Ed Cook followed a twenty-year technological career in designing computer business systems with a twenty-five year people career in Christian Ministry as a Church Planter, Pastor, and Theological Educator. His doctoral research and dissertation were on the holistic development of pastors and church planters in the emerging generations. He is now coaching, consulting, teaching, and writing as the principal of Care-Full Coaching. www.cfcoaching.org.
Ed’s academic focus is practical and pastoral theology. Practical theology is simply the way a person looks at the meaning of life and his or her place and purpose in the grand scheme of things. Pastoral theology is simply a person’s approach to caring about and for others. Based on these definitions, everyone has both a practical and pastoral theology. Ed’s passion is to interact with others to help them develop as purposeful participants in all aspects of life as well as becoming people who care for others. He blogs at www.justathought-e.com. You can find him on Facebook and follow him on Twitter at #RevDrEd
Prisoner of Hope
Some forks in the road simply provide a side trip or detour. Others alter the shape and meaning of a person’s life. As Ed Cook writes, “My new life began the day I didn’t kill myself.” Choosing life on April 28, 1976 resulted in Ed’s life moving in an entirely new direction. That day began a fifteen-month journey from addiction to recovery and from atheism to faith. What could have been an overly sober story is kept enjoyably readable with infusions of wit and wisdom. Hearing another’s story often prompts us to think about our own stories and learn from them. You may find that by reading Prisoner of Hope, you may learn more about yourself than about Ed Cook.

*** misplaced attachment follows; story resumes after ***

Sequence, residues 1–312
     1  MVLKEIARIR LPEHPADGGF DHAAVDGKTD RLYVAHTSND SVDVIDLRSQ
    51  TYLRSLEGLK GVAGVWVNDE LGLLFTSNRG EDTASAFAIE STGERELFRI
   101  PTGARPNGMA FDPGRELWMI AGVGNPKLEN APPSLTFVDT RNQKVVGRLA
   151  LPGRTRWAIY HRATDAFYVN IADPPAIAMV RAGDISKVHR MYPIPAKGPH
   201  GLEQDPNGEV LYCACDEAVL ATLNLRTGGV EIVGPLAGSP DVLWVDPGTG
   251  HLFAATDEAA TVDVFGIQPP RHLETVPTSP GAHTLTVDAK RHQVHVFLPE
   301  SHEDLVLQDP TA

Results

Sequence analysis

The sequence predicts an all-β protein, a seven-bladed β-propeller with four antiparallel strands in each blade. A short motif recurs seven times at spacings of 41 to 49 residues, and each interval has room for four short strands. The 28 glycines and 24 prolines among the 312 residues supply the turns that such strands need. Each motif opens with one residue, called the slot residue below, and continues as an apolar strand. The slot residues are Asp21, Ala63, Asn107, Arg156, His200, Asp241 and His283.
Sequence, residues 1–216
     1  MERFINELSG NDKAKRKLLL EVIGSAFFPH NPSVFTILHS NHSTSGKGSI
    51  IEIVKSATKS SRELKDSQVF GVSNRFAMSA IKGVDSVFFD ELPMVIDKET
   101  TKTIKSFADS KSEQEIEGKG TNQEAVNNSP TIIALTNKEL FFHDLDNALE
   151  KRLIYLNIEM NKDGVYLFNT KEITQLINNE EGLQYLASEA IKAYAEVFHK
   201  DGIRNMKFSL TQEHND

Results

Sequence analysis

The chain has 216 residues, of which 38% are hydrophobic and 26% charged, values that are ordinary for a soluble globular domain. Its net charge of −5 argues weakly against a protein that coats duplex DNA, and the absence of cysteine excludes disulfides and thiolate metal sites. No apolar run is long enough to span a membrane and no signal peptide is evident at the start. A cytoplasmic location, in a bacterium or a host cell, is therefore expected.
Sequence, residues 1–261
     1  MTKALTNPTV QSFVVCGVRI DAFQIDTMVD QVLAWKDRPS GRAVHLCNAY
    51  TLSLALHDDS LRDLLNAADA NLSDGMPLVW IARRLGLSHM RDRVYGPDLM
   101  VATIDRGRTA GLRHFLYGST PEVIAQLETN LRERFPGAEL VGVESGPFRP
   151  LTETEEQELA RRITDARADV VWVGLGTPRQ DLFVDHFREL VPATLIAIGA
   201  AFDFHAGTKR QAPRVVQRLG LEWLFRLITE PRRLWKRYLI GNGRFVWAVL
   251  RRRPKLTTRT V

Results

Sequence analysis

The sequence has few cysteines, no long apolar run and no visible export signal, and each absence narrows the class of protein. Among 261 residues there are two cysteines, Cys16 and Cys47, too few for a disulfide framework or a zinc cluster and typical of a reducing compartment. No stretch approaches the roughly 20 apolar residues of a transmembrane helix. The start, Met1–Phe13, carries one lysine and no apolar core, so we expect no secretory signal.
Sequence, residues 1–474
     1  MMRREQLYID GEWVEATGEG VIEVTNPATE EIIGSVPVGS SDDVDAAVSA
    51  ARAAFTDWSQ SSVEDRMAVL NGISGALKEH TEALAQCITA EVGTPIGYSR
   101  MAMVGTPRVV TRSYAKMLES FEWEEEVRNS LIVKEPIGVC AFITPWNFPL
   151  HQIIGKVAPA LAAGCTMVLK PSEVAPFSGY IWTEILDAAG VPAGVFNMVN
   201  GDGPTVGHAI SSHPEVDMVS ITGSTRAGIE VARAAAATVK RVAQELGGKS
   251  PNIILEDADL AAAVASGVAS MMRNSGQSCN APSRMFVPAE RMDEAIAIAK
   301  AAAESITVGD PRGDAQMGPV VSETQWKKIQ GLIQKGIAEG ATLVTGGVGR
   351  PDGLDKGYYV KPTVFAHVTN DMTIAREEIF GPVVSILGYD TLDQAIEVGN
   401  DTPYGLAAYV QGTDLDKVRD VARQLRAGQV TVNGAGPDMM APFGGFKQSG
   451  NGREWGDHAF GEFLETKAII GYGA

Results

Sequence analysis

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“Just a Thought…”
This thought-provoking book offers short readings on a wide variety of topics prompted by Dr. Ed Cook’s engagement with culture and the Christian faith. In the age of sound bites and instant gratification, we sometimes forget that elements of our life deserve more consideration than can be expressed in tweets, posts, and Facebook status updates. The chapters are short, the writing is pithy, and the pages will prompt readers to develop and contemplate their own questions regarding this brave new world in which we find ourselves at the start of the twenty-first century. Just as in life, the joy is often in the journey rather than the destination. The richness of this reading experience may often be found in the questions contemplated rather than in answers discovered. So read, enjoy, and think a bit. You may not agree with everything presented but remember, no offense is intended because, after all, what’s offered is just a thought.
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